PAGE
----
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Office is one of the juiciest targets for hackers

(Image credit: Image Credit: Welcomia / Shutterstock)

Hackers are increasingly scrutinising Microsoft Office, looking for – and finding – vulnerabilities to abuse. This is according to a newly released report (opens in new tab) from Kaspersky Lab, which claims that 70 per cent of all threats the company recorded in the fourth quarter of last year – were related to Office in one way or another.

That's a 400 per cent jump compared to just two years before, when Office vulnerabilities took up some 16 per cent of the registered threats market.

What's important to note is that hackers rarely exploit vulnerabilities in Office itself, but rather the related components are what's considered the weakest link.

Two of the most exploited vulnerabilities were found in Office's legacy Equation Editor. Security researchers from Kaspersky Lab believe hackers are looking for “simple, logical bugs”.

"That is why the equation editor vulnerabilities CVE-2017-11882 and CVE-2018-0802 are now the most exploited bugs in MS Office. Simply put, they are reliable and work in every version of Word released in the past 17 years," researchers said. "And, most important, building an exploit for either one requires no advanced skills."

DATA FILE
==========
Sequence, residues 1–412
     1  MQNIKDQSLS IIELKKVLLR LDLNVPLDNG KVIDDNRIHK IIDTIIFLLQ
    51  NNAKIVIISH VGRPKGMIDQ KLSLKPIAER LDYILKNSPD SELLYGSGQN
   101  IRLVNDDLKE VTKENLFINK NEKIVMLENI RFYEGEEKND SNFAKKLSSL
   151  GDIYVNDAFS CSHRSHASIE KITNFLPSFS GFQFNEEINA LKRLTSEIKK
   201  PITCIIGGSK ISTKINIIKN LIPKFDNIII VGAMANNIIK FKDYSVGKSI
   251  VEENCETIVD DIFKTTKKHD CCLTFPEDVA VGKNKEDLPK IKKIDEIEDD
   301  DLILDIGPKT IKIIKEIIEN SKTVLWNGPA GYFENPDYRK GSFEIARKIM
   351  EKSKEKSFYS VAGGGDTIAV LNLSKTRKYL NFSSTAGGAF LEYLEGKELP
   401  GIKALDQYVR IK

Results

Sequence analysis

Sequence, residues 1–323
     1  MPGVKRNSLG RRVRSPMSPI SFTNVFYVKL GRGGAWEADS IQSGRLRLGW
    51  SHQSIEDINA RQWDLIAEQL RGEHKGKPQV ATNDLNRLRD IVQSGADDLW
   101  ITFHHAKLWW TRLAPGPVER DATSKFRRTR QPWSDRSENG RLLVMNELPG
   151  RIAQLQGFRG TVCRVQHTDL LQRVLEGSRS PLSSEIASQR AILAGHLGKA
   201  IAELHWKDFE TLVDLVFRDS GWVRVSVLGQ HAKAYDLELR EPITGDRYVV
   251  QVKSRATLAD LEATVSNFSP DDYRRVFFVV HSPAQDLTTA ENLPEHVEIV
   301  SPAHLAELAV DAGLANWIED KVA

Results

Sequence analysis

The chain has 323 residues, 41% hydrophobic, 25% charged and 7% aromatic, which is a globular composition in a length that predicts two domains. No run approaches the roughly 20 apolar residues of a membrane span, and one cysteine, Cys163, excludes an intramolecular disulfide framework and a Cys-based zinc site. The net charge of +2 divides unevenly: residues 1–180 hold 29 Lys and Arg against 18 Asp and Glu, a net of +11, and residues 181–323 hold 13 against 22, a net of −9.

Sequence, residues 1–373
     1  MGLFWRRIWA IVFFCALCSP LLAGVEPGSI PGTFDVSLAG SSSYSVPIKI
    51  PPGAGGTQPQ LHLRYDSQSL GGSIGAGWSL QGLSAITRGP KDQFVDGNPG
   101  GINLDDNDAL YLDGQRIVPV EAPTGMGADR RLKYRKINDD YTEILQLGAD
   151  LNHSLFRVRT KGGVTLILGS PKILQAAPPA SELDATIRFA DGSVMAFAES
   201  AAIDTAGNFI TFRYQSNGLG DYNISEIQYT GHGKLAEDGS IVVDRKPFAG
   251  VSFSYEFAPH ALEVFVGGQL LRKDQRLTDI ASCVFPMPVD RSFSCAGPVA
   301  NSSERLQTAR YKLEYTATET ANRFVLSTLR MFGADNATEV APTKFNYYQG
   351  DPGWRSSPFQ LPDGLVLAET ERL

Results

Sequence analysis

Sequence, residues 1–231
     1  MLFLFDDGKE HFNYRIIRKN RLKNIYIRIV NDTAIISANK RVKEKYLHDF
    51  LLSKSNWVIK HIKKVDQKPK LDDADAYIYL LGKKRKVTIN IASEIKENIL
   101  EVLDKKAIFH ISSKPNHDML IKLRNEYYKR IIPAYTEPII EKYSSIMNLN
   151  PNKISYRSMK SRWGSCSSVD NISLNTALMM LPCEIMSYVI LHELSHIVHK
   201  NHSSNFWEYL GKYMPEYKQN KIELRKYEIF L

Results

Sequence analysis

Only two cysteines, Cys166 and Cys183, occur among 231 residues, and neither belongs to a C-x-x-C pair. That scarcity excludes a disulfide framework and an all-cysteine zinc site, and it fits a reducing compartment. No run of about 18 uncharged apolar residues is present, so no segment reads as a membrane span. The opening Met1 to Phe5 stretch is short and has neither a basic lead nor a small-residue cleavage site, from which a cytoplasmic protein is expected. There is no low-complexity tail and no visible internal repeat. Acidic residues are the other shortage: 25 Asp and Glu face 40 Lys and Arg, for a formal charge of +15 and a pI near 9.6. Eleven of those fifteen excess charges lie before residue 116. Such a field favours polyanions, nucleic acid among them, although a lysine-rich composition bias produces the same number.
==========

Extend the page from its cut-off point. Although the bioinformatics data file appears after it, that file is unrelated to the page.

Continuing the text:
However, in order to exploit these vulnerabilities, one would require an Office file.

Usually, in order for these types of vulnerabilities to work, an unsuspecting victim needs to download and run a malicious payload, and those are usually distributed via email. So be careful when receiving attachments, make sure to doublecheck the address it’s coming from (hackers can imitate legitimate websites quite well nowadays) and make sure you trust the person sending you the attachment.

Image Credit: Welcomia / Shutterstock

Sead Fadilpašić is a freelance tech writer and journalist with more than 17 years experience writing technology-focussed news, blogs, whitepapers, reviews, and ebooks. And his work has featured in online media outlets from all over the world, including Al Jazeera Balkans (where he was a Multimedia Journalist), Crypto News, TechRadar Pro, and IT Pro Portal, where he has written news and features for over five years. Sead's experience also includes writing for inbound marketing, where he creates technology-based content for clients from London to Singapore. Sead is a HubSpot-certified content creator.